The other day, a family member mistakenly took my phone with them to the office so I was without a phone all day. This meant my daily walk had to be offline, which was a weird thing I hadn’t experienced in a while. I couldn’t help but note my hand’s instinctively reaching for the mobile phone that wasn’t there. Mobile phones are so ubiquitous in our daily lives, but sometimes it feels like a crutch how we can be totally dependent on them.

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  • Indieweb Updates and Thoughts

    I mentioned before that I was looking into indieweb stuff. There’s a whole wiki of information about it if you’re into that sort of thing, but also here’s a recent post which kind of serves as an overview. I have some comments on the content of this post, more on that later. Indieweb things I’ve already implemented on this site: have a personal domain (since 2006) microformats (h-card and h-feeds and h-entrys), though I would have to be using some sort of microformats reader to make sure everything there is hunky-dory (no concrete plans for this yet) webmention support, via webmention.

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    Posted by under post at #tech life #meta #changelog
    Also on: twitter / 7 9 / 668 words

Oct 2019

  • Current desktop images (Windows 10 PC and Macbook Air). I’ve been toying with the idea of dual-booting my PC with Ubuntu because reasons (and also I miss having an Ubuntu desktop to toy around with), and I figured maybe I should document my current setup first before I try something that might end in disaster. Both of the pictured wallpapers are from here. Also, yes I am generally bad at cleaning my desktops of icons.

    Current desktop images (Windows 10 PC and Macbook Air). I’ve been toying with the idea of dual-booting my PC with Ubuntu because reasons (and also I miss having an Ubuntu desktop to toy around with), and I figured maybe I should document my current setup first before I try something that might end in disaster. Both of the pictured wallpapers are from here. Also, yes I am generally bad at cleaning my desktops of icons.
    Current desktop images (Windows 10 PC and Macbook Air). I’ve been toying with the idea of dual-booting my PC with Ubuntu because reasons (and also I miss having an Ubuntu desktop to toy around with), and I figured maybe I should document my current setup first before I try something that might end in disaster. Both of the pictured wallpapers are from here. Also, yes I am generally bad at cleaning my desktops of icons.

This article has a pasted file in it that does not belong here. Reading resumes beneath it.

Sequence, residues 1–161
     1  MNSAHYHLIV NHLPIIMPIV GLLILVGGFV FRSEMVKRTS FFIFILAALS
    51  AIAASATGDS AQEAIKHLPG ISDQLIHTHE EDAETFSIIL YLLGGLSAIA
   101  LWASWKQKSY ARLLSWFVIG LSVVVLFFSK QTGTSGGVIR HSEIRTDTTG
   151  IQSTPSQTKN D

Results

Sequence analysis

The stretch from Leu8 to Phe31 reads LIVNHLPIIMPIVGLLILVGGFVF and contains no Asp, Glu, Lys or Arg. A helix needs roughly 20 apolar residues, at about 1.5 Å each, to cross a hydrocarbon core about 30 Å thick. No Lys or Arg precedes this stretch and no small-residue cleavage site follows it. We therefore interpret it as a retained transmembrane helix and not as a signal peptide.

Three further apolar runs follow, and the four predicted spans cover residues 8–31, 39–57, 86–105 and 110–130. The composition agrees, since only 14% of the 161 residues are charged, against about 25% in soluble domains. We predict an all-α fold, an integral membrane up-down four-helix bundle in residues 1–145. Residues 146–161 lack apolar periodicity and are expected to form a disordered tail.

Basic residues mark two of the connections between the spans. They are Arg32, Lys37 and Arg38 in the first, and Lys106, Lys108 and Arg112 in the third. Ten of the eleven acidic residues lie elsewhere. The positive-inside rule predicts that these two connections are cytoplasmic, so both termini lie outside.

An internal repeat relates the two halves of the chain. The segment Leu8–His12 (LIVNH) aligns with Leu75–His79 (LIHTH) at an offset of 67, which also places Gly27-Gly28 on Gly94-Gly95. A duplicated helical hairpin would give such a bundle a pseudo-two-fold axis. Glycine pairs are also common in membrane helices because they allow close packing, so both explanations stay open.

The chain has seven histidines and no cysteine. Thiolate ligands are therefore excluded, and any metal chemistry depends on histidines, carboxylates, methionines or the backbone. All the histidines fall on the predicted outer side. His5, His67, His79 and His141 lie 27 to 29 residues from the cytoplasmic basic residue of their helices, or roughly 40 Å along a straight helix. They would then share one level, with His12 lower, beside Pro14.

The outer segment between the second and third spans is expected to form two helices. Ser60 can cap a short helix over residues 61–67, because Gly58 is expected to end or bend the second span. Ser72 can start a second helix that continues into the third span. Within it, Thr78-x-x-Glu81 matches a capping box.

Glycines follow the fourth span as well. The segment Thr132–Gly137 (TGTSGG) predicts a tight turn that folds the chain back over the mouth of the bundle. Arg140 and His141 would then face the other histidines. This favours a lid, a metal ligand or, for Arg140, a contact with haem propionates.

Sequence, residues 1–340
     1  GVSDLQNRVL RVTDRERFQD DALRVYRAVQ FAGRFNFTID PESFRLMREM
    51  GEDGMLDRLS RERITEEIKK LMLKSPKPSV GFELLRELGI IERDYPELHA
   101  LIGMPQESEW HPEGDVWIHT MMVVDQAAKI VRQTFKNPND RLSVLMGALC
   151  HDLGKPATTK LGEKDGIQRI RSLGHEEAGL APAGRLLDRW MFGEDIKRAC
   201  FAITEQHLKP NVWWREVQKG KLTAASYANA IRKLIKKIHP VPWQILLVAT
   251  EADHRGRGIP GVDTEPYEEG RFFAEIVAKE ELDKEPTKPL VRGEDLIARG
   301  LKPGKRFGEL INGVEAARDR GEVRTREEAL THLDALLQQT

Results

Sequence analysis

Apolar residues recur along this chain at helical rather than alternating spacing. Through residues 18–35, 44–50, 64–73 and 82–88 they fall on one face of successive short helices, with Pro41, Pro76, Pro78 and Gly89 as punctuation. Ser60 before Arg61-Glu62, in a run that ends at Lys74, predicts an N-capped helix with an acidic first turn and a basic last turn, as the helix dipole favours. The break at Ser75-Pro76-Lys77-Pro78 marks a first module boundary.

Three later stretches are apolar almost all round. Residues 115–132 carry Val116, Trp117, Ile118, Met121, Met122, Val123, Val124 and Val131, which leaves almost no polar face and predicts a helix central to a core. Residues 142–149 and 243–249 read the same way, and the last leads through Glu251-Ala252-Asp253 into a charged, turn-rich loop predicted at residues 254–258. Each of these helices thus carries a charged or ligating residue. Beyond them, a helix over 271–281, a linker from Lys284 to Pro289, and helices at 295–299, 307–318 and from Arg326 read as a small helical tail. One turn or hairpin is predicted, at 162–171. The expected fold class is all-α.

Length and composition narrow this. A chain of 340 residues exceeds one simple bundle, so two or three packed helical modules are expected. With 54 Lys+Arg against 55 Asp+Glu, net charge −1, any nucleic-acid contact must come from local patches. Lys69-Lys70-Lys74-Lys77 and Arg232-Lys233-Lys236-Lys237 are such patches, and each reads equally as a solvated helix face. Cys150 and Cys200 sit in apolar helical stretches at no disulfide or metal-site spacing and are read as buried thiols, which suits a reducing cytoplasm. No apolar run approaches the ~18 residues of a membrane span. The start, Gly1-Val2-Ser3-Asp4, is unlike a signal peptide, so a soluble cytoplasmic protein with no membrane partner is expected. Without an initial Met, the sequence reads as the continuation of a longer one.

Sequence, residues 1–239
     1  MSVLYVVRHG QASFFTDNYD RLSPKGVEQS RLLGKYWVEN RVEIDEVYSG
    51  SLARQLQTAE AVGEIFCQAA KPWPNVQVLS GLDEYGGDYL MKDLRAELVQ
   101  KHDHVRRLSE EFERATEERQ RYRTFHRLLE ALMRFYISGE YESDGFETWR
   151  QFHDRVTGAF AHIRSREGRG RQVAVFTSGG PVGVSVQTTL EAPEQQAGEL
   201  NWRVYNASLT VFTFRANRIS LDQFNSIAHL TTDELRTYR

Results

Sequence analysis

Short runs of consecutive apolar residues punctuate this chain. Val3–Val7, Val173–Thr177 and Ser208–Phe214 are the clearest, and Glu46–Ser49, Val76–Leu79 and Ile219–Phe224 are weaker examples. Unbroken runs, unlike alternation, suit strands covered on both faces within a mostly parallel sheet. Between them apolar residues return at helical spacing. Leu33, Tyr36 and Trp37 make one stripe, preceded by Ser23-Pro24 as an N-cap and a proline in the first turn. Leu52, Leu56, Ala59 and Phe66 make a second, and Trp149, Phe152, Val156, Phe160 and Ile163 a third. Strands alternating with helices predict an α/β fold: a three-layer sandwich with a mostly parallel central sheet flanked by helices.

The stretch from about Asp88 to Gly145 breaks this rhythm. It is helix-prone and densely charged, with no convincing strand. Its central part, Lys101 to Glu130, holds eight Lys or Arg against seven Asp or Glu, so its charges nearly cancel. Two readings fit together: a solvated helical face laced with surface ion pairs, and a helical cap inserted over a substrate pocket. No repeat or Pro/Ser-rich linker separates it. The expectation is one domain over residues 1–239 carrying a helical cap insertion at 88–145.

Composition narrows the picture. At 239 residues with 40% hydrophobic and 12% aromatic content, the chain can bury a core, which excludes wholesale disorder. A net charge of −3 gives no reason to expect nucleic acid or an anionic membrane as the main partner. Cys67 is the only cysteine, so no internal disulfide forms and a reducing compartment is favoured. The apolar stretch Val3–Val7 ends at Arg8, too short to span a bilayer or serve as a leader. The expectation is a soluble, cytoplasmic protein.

• Archiving Yahoo Groups

    So a couple of days ago, Yahoo announced that it was shutting down Yahoo Groups. I was a big user of Yahoo Groups back in the day. I was a member of several active mailing lists in the early 2000s, including some fandom groups (see: The Rise and Fall of the Final Fantasy Forum) and a few alumni groups and some MTG-related ones. Now all of that content is vanishing!

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  • An Archive of My Own

    A post about making a guy making an archive of his twitter data made the rounds lately, so I figured I should make my own post about my ongoing efforts in this regard. I mentioned in an earlier post that I like being able to use social media to dig through my own history. But as the first link above says, these social media sites can go away since nothing lasts forever.

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Sep 2019

  • I have a GeForce 970, it’s a bit old, I got it in 2015. I’ve been having an issue where sometimes in some games, my displays (I have two monitors) will die (go completely black), but the game goes on running for a while (I can hear the audio), then after a couple of minutes or so the audio also stops so I can’t really do anything except do a hard reboot. I’ve tried VNCing into the PC to see what’s going on after this time, but it’s not accessible over the network so I assume it’s dead.

    The crashes happen most often while playing Magic Arena (says a lot about the game!), but I’ve also had it happen once or twice on Starcraft 2 and Borderlands 2. I don’t play very demanding games graphically. I can’t identify any specific action that causes the crashes.

    Some other things I’ve tried:

    • attach my 2nd monitor to onboard graphics, keeping the main monitor connected to the vidcard. In this case when the crash happens, the main monitor goes black, while the 2nd monitor still has a display, but is frozen
    • remove my 2nd monitor (I thought I might be overtaxing the graphics card by having two of them??)